The Humble Petition Of Bruar Water

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The Humble Petition Of Bruar Water by Robert Burns
To the noble Duke of Athole
Source: "robertburns"

The Humble Petition

Of Bruar Water

To the noble Duke of Athole



My lord, I know your noble ear
Woe ne'er assails in vain;
Embolden'd thus, I beg you'll hear
Your humble slave complain,
How saucy Phoebus' scorching beams,
In flaming summer-pride,
Dry-withering, waste my foamy streams,
And drink my crystal tide.^1

The lightly-jumping, glowrin' trouts,
That thro' my waters play,
If, in their random, wanton spouts,
They near the margin stray;
If, hapless chance! they linger lang,
I'm scorching up so shallow,
They're left the whitening stanes amang,
In gasping death to wallow.

Last day I grat wi' spite and teen,
As poet Burns came by.
That, to a bard, I should be seen
Wi' half my channel dry;
A panegyric rhyme, I ween,
Ev'n as I was, he shor'd me;
But had I in my glory been,
He, kneeling, wad ador'd me.

Here, foaming down the skelvy rocks,
In twisting strength I rin;
There, high my boiling torrent smokes,
Wild-roaring o'er a linn:
Enjoying each large spring and well,
As Nature gave them me,
I am, altho' I say't mysel',
Worth gaun a mile to see.

Would then my noble master please
To grant my highest wishes,
He'll shade my banks wi' tow'ring trees,
And bonie spreading bushes.
Delighted doubly then, my lord,
You'll wander on my banks,
And listen mony a grateful bird
Return you tuneful thanks.

The sober lav'rock, warbling wild,
Shall to the skies aspire;
The gowdspink, Music's gayest child,
Shall sweetly join the choir;
The blackbird strong, the lintwhite clear,
The mavis mild and mellow;
The robin pensive Autumn cheer,
In all her locks of yellow.

This, too, a covert shall ensure,
To shield them from the storm;
And coward maukin sleep secure,
Low in her grassy form:
Here shall the shepherd make his seat,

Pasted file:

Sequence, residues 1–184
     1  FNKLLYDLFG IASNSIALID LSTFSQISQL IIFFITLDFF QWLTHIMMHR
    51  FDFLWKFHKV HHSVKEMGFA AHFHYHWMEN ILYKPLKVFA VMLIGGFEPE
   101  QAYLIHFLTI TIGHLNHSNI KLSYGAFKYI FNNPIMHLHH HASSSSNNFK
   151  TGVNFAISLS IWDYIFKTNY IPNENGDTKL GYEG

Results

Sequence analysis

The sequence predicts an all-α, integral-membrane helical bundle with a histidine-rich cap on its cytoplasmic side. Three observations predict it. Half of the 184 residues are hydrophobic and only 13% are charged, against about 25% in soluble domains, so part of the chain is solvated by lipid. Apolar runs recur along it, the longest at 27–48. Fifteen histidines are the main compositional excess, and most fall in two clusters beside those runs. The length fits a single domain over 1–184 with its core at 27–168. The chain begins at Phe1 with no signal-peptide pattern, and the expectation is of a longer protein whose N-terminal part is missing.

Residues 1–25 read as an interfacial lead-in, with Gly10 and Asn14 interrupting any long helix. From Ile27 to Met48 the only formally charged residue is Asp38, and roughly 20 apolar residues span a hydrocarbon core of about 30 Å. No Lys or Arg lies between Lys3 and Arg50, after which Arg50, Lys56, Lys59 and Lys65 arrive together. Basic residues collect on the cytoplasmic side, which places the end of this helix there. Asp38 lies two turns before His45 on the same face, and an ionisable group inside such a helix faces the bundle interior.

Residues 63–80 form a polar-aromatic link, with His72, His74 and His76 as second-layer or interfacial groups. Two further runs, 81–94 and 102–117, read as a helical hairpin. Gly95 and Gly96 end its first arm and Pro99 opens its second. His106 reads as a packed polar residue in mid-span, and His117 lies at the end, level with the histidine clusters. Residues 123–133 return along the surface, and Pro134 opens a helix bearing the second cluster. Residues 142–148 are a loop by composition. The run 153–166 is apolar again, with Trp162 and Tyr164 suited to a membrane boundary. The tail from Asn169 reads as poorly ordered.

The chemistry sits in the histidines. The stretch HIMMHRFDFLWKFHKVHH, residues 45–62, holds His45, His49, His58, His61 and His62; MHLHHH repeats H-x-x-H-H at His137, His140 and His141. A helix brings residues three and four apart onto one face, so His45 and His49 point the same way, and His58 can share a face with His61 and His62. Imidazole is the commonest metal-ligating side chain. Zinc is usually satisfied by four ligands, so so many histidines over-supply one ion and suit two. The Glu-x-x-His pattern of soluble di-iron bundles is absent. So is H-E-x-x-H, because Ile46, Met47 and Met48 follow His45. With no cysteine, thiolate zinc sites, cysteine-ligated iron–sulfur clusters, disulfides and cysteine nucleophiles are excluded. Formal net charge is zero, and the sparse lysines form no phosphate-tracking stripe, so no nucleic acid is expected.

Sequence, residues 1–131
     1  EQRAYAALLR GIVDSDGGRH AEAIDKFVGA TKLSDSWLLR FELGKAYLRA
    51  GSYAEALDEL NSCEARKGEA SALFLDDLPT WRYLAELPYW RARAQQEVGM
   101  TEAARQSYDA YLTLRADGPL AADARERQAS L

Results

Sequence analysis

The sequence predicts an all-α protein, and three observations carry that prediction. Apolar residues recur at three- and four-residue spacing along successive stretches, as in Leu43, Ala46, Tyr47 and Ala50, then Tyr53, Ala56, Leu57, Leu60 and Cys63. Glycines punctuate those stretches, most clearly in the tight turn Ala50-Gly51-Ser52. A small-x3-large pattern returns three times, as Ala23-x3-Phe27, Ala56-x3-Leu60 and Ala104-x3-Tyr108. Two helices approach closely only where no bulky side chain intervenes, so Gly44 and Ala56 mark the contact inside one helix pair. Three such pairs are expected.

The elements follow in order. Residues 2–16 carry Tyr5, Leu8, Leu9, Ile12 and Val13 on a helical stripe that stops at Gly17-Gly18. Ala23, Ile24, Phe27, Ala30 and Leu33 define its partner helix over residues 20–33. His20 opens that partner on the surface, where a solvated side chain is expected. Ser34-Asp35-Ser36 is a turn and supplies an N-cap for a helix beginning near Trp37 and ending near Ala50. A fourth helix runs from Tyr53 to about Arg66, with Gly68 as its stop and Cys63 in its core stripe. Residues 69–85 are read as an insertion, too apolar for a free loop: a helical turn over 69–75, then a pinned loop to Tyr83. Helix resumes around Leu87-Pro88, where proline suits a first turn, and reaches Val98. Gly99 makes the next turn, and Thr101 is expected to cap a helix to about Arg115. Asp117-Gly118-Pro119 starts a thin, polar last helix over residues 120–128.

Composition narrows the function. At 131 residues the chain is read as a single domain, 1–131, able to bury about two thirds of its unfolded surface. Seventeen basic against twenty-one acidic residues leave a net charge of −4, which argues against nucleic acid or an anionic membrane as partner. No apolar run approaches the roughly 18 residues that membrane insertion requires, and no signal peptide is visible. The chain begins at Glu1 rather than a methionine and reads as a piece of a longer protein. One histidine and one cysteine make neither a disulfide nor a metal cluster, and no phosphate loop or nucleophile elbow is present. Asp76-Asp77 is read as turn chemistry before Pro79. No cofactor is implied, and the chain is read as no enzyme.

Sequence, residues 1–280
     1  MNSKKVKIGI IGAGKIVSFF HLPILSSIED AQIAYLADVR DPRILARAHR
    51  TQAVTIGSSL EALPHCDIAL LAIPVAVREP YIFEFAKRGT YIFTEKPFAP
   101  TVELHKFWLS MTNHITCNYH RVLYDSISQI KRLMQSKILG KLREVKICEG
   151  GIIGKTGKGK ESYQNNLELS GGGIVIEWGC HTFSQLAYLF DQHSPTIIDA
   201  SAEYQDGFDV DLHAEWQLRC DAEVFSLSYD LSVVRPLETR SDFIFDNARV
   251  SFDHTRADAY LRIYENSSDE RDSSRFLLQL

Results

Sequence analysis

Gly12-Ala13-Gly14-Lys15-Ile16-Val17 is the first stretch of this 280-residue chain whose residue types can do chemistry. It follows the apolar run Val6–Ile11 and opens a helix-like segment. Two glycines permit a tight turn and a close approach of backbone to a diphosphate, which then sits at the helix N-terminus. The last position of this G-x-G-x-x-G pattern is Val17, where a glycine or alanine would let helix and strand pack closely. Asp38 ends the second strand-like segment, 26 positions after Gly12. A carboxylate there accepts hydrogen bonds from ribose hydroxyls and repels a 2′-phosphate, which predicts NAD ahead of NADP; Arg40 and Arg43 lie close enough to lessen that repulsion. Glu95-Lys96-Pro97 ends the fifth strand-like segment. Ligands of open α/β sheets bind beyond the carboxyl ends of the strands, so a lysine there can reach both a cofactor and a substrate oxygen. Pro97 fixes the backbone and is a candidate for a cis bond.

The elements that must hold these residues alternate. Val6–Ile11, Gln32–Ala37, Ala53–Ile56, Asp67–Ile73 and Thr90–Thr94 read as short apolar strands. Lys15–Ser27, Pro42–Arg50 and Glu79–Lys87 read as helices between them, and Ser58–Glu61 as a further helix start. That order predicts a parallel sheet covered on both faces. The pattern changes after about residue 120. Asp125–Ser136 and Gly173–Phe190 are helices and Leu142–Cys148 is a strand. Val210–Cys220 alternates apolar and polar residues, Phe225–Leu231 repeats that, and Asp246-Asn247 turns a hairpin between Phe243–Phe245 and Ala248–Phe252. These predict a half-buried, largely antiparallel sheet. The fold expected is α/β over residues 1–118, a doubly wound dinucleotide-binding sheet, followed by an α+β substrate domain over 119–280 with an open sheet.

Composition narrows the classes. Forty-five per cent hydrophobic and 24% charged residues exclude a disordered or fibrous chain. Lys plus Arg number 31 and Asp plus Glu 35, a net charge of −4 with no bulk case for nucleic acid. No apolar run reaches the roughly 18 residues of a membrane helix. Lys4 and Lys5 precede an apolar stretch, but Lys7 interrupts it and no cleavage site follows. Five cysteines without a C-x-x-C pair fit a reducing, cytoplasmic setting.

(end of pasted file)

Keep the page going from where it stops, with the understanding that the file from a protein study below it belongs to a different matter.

To weave his crown of flow'rs;
Or find a shelt'ring, safe retreat,
From prone-descending show'rs.

And here, by sweet, endearing stealth,
Shall meet the loving pair,
Despising worlds, with all their wealth,
As empty idle care;
The flow'rs shall vie in all their charms,
The hour of heav'n to grace;
And birks extend their fragrant arms
To screen the dear embrace.

Here haply too, at vernal dawn,
Some musing bard may stray,
And eye the smoking, dewy lawn,
And misty mountain grey;
Or, by the reaper's nightly beam,
Mild-chequering thro' the trees,
Rave to my darkly dashing stream,
Hoarse-swelling on the breeze.

Let lofty firs, and ashes cool,
My lowly banks o'erspread,
And view, deep-bending in the pool,
Their shadow's wat'ry bed:
Let fragrant birks, in woodbines drest,
My craggy cliffs adorn;
And, for the little songster's nest,
The close embow'ring thorn.

So may old Scotia's darling hope,
Your little angel band
Spring, like their fathers, up to prop
Their honour'd native land!
So may, thro' Albion's farthest ken,
To social-flowing glasses,
The grace be-"Athole's honest men,
And Athole's bonie lasses!


1787


[Footnote 1: Bruar Falls, in Athole, are exceedingly picturesque and beautiful; but their effect is much impaired by the want of trees and shrubs. - R.B.]

This work published before January 1, 1923 is in the public domain worldwide because the author died at least 100 years ago.